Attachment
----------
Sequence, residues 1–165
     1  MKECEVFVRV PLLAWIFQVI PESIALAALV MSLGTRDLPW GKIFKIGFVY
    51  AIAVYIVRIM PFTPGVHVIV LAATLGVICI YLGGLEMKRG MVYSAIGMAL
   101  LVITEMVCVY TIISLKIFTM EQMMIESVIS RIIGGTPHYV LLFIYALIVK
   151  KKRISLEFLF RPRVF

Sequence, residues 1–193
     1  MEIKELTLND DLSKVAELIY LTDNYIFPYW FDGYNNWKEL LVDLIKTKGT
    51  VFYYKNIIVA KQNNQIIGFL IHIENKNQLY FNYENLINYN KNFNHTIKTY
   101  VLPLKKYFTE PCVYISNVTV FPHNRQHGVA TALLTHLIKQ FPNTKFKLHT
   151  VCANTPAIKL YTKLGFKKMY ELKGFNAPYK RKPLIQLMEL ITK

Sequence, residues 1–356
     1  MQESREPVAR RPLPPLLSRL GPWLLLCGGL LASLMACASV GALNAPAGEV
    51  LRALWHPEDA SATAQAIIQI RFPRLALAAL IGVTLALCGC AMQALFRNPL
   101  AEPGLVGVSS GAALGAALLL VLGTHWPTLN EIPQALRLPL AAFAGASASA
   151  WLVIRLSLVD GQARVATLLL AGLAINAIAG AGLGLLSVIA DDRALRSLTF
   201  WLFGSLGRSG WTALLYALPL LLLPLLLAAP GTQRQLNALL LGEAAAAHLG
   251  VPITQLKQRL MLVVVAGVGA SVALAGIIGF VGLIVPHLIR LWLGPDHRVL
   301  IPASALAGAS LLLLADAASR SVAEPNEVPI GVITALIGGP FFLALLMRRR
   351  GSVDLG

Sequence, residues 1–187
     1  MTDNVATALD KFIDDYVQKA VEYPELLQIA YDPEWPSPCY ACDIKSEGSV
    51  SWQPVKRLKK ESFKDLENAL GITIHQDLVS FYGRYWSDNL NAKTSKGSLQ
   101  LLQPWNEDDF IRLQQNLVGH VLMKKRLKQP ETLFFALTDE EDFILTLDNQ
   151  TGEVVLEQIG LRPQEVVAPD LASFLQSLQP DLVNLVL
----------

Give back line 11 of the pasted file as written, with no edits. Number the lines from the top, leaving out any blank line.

Sequence, residues 1–356